Double Dummy: Double Dummy is a documentary by John McAllister about the competitive world of youth bridge tournaments and the friendships that players form around the tournament table.

The Sheriff of Bridge: The Sheriff of Bridge is a perhaps lesser-known documentary about professional bridge player Boye Brogeland and his mission to spot and bring down cheaters in the professional bridge world. (And it was nominated the Best Norwegian TV Documentary!)

In the Cards: Short, at 44 minutes, this bridge documentary is definitely worth watching. In the Cards: The Secret World of Professional Bridge stands as one of the first in-depth looks into the professional bridge scene.

Aces & Knaves: Aces & Knaves is an exciting documentary about the mental side of playing bridge: A must-watch for anyone interested in becoming a professional bridge player!

Books about Bridge Pros

Pro Bridge: The Hall of Fame – This book takes a look of not only professional bridge players, but also notable bridge hands that have been played and an in-depth examination.

The Lone Wolff: Autobiography of a Bridge Maverick – The Lone Wolf is the autobiography of professional bridge player Bobby Wolff, considered to be one of America’s top bridge players.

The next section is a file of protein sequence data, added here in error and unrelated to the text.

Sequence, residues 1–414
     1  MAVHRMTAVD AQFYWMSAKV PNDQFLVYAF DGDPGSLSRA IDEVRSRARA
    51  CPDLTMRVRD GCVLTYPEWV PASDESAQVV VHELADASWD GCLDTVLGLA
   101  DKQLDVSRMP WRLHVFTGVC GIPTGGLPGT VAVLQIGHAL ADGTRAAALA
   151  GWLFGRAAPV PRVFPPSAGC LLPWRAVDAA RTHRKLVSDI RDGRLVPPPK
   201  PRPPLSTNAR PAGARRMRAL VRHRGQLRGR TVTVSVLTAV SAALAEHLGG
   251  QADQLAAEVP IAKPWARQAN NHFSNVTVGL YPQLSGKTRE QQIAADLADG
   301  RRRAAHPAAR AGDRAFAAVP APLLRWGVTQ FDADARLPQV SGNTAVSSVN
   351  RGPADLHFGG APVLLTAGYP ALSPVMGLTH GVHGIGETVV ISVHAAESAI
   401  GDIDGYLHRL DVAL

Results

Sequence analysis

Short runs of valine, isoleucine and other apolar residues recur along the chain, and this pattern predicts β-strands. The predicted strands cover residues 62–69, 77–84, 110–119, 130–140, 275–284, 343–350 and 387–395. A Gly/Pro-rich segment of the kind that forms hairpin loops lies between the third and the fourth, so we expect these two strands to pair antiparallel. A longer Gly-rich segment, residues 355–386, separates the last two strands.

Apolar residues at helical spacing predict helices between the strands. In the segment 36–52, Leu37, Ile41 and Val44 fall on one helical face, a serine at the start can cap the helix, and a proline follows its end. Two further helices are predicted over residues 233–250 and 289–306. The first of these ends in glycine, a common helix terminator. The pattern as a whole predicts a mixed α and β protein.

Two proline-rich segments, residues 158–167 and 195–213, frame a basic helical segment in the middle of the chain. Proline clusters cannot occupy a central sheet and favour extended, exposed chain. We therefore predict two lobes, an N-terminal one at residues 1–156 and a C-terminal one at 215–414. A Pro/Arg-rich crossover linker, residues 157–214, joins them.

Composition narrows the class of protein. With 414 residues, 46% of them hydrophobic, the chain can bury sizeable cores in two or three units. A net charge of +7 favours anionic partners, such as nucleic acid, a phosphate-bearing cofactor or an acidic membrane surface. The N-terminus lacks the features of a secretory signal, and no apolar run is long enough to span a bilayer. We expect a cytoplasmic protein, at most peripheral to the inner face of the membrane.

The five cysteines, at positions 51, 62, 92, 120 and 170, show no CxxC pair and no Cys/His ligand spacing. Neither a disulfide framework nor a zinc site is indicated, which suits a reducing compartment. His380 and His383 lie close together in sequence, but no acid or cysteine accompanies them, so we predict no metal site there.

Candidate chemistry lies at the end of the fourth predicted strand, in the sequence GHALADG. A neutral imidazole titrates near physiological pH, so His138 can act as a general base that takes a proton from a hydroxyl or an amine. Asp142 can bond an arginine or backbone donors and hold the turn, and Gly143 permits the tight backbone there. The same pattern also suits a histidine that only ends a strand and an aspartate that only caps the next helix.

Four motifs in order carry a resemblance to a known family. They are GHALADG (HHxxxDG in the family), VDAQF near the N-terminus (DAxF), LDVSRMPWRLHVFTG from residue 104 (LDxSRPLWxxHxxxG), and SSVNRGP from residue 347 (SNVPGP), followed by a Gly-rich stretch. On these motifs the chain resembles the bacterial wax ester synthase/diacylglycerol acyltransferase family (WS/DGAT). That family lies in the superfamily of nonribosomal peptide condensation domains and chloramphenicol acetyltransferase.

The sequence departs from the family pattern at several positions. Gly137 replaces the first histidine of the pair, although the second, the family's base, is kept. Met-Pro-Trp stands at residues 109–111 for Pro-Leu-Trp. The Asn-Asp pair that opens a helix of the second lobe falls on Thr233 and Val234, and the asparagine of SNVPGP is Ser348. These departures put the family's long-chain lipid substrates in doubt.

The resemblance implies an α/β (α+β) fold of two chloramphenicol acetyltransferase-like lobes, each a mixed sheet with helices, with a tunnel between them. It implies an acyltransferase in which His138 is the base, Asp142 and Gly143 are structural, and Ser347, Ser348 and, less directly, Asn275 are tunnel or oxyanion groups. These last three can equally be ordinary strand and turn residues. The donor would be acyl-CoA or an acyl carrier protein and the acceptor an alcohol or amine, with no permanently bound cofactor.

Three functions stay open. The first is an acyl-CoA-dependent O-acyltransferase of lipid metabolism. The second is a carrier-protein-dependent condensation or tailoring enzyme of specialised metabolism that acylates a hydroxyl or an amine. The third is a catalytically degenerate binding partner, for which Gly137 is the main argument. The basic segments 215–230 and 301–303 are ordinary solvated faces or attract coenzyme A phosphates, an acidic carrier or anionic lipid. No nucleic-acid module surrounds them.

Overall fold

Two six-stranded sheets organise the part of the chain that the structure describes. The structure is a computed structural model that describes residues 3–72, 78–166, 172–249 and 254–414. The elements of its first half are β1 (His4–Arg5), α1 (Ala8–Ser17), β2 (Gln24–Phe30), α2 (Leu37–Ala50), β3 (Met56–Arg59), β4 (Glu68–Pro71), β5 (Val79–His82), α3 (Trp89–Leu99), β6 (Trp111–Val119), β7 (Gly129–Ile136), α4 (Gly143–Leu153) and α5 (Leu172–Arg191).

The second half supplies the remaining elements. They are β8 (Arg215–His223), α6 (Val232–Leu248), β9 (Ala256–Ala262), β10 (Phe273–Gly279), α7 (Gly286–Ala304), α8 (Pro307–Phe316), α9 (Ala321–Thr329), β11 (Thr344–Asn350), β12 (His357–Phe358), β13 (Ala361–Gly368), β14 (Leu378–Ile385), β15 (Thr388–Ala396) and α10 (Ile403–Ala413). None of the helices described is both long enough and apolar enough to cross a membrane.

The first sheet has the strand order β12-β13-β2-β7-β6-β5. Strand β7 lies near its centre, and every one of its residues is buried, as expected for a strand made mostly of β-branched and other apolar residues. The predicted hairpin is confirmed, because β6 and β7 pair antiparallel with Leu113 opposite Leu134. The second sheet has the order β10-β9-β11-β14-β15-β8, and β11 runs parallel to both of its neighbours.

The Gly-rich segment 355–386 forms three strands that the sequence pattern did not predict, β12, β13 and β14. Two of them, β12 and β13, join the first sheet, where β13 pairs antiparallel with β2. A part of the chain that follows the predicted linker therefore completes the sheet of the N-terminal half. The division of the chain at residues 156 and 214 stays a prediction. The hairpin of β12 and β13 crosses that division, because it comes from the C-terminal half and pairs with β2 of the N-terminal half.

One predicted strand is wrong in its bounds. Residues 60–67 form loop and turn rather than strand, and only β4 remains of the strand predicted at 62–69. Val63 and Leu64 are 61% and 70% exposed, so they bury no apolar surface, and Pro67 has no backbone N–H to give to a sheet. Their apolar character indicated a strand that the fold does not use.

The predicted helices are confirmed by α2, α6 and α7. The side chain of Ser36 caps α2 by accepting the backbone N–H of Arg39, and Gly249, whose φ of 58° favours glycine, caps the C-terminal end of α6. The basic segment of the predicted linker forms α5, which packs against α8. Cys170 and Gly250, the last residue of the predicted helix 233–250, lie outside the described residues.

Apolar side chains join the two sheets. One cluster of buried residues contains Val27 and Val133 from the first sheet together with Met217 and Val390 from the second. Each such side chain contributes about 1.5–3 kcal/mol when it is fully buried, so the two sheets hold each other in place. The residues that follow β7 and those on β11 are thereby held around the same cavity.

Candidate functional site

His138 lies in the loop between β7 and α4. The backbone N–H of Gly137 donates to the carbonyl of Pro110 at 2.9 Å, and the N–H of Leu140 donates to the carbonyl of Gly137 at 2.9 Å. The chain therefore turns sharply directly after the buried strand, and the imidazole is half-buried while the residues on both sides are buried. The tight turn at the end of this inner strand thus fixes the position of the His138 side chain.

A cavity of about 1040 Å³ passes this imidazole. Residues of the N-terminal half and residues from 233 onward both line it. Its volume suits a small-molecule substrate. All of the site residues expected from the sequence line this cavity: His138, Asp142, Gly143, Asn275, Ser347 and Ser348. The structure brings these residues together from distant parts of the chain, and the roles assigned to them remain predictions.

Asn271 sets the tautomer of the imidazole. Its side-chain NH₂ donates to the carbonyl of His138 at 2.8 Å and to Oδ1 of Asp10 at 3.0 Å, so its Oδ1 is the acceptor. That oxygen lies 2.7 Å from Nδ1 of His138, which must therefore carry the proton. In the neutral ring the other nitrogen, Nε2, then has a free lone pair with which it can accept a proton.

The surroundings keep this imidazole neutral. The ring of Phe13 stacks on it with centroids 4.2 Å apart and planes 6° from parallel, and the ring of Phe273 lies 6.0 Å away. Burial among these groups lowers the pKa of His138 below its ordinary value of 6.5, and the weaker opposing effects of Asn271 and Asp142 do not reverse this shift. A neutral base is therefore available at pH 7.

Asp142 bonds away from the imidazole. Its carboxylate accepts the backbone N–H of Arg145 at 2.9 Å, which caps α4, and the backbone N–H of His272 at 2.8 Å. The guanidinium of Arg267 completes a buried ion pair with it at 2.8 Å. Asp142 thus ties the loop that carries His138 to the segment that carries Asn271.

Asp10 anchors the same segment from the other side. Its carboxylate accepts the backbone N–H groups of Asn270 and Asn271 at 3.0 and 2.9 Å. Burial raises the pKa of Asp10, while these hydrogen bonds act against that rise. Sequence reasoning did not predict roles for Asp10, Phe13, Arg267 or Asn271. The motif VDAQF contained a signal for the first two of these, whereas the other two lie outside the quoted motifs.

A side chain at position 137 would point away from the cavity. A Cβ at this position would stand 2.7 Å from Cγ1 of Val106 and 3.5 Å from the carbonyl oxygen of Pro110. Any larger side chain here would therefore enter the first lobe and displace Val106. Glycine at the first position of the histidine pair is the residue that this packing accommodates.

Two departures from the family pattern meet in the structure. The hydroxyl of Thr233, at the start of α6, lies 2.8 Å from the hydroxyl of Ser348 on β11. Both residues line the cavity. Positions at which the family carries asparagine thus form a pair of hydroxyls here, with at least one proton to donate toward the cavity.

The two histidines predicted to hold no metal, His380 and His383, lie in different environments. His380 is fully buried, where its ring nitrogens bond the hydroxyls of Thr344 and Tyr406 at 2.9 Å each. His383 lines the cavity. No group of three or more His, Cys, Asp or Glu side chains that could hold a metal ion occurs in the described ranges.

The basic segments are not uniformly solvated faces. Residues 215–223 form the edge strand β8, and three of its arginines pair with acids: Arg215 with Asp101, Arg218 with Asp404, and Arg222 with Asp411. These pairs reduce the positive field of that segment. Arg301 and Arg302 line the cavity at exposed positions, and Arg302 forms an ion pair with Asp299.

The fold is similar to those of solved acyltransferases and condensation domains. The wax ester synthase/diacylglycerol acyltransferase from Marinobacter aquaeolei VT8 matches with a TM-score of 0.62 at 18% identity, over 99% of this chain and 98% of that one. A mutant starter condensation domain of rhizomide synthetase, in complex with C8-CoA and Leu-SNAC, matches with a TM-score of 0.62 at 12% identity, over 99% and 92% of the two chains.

At the Table: The Autobiography of the World’s #1 Rated Bridge Player – At the Table is another bridge autobiography for your bookshelf or e-reader, this time by player Bob Hamman.

How I Became a Life Master Playing the Weak No Trump – This wordy title is another autobiography for the records; this one’s by notable bridge champion Eric van der Luft.

How the Experts Do It – This one’s by authors Terence Reese and David S. Bird, exploring bridge from the professional side for those who want to learn more. Currently out of stock at Barnes & Noble, but still available on Amazon.

Would you like to get in touch with some professional bridge players yourself?

Pro Bridge : Find Me A Bridge Pro. Sally, Simon and Ben at the ProBridge team know all the Professionals well and would be happy to help you choose one. (2024 Note: Pro Bridge is now offline but this link will take you to the Internet Archive which  has a copy of the website)

You can also find a lot of pros hanging out on Great Bridge Links’ People’s Pages